As far as administrative response to Juuling, Lamont insists that PPS schools treat Juuling the same as cigarettes or other prohibited items. It starts with a series of interventions, such as contacting parents and confiscating the item. However, if the student gets caught again, consequences become progressively more severe, especially for student athletes. Lamont’s main concern is the educational aspect. “It’s not just a school problem. Any attempts to address [juuling] must be comprehensive in nature.”
Lamont believes that e-cigs may have started as a safe alternative to smoking, but are problematic in terms of their appeal to minors. According to her, many students have reported a lack of awareness about the dangers of juuling, or what they were actually inhaling. A study from the Truth Initiative revealed that 63% of Juul users, ages 15-24, did not know the product always contained nicotine.
“The problem is that kids thought it was safe and harmless, when it’s not,” Lamont said. Lamont references the labeling of many vape products, which she claims is purposefully ambiguous and minimized in packaging. “I feel by creating a product that looks like a sleek piece of technology, they were not being honest, they were appealing to a millenial level.”
The FDA agrees. In April of 2018, the company Juul was forced to turn over all documents regarding their marketing strategies and researched health effects to see if minors were being targeted as customers. Despite many of the company’s modifications to discourage teen use, such as removing models from their Instagram page, requiring customers to be 21 years or over on their site, and devoting $30 million to ending teen use, the FDA continued in its “Youth Tobacco Prevention Plan.”
In a statement revealing the new initiative, FDA commissioner Scott Gottlieb discussed e-cigarette use, which saw a growth of 40% in 2017 alone. Giving Juul and four other similar e-cigarette brands 60 days to demonstrate they can keep company products out of underage hands, Gottlieb introduced further restrictions that may soon force a reevaluation of the company product entirely.
In the largest coordinated prevention effort of the FDA’s history, over 1,300 warning letters were issued to retailers that illegally sold e-cigs to minors, such as Walgreens, 7-Elevens, and Shell gas stations, and has already fined over 131 establishments up to $11,000. If swift action is not taken to prevent teenage use, the FDA threatens to remove products from the market entirely.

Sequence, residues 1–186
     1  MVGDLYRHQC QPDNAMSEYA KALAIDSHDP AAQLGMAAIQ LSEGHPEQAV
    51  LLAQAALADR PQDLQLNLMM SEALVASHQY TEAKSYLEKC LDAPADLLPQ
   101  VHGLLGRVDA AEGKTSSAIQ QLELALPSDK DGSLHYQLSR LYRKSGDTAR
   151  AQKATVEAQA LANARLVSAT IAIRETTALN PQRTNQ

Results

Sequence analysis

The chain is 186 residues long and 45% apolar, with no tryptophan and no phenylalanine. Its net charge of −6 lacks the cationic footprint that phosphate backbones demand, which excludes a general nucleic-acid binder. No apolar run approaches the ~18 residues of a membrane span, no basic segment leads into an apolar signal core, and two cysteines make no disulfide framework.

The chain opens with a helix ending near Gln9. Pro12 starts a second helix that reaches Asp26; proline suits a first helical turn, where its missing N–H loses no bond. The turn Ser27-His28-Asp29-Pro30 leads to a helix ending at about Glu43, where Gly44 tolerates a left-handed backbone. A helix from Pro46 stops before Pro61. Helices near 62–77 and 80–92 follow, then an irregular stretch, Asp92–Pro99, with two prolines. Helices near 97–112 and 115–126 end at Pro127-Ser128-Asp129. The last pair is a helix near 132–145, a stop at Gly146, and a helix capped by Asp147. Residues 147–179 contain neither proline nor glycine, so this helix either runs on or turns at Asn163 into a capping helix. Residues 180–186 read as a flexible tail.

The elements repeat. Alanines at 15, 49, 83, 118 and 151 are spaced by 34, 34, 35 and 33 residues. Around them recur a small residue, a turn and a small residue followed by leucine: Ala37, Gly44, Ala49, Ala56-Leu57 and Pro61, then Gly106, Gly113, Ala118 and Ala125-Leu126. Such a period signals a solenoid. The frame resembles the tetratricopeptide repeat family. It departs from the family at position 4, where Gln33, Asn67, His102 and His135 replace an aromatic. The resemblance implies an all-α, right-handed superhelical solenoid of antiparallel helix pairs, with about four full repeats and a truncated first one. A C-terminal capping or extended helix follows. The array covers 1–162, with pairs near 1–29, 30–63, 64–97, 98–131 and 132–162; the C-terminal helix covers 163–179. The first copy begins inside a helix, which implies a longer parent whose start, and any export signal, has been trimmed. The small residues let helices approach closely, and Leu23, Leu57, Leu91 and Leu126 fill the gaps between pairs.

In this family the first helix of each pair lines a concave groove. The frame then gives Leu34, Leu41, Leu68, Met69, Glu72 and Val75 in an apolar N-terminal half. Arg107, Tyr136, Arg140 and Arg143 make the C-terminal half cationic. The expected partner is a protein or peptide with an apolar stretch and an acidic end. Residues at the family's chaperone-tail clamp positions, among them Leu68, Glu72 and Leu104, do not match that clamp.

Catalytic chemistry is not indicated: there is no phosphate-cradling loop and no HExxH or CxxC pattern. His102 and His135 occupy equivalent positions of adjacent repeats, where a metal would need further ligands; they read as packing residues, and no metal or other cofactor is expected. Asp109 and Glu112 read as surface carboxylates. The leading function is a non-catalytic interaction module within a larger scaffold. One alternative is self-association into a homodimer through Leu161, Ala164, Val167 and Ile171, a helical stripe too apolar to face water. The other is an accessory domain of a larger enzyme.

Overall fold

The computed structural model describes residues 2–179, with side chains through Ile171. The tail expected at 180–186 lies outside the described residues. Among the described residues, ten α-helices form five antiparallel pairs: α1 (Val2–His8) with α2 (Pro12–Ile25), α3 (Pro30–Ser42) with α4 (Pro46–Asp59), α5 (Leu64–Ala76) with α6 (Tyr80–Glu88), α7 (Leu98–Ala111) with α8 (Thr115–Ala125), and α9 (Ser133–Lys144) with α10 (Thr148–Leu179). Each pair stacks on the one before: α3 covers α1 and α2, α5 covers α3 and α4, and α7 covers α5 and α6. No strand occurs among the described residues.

Wilson health teacher, Joshua Martin, agrees that this needs to be dealt with. From what he’s heard from other students and teachers, he is aware juuling is a problem, although he’s had no first hand experiences in his own classroom. While he recognizes that the rise of e-cigs have been a problem for some students, he remembers the start of his career at Wilson, less than 20 years ago, when there were dozens of kids smoking cigarettes every lunch or passing period.
E-cigs have replaced that practice for some, but compared to real cigarettes, Martin believes juuling isn’t as big as a problem. Whether or not it’s safer, he’s simply relieved that the masses have turned from cigarettes. The biggest commonality, however, is the nicotine in both.
Nicotine is a stimulant, and works by speeding up processes of the brain and body, which is responsible for the head rush most users feel. It also increases alertness and can be an appetite suppressant. Any time a stimulant is overused, the user can feel negative effects – think about coffee. When you drink too much, you start feeling much more restless and irritable. Your body can even shake with jitters. While speeding up the heart isn’t a great danger to most young people, as you get older, it can lead to some painful repercussions.
According to Martin, the biggest danger of nicotine stems from its addictive properties, which can lead to lifelong struggles. To satisfy the cravings of cigarette smokers trying to quit, the makers of Juul used extremely high amounts of nicotine in their pods, and most users can easily smoke through two a week. A single Juul pod contains as much nicotine as an entire pack of cigarettes. At around $16 for a set of four pods, both Jordan and Alex agree that they’ve spent over $100 this past school year fulfilling their cravings.
In terms of level of addictiveness, nicotine is in the same category as heroin and cocaine.
“All my friends told me that it was just the best head rush,” Alex said. “So I was like, well, I guess I’ll try it once. And then I just decided well, I’ll get it, I’ll have it for a month or so, but then I’ll stop before lacrosse season starts.” Now, Alex can’t stop. They’ve destroyed their juul to the point of no return, but now they simply use their friends and treat it like a social activity.
According to the CDC, nicotine can harm adolescent brains, which develop until age 25, and damage parts regarding attention, mood, learning, and impulse control. Martin also stresses behavioral development, which he claims changes drastically.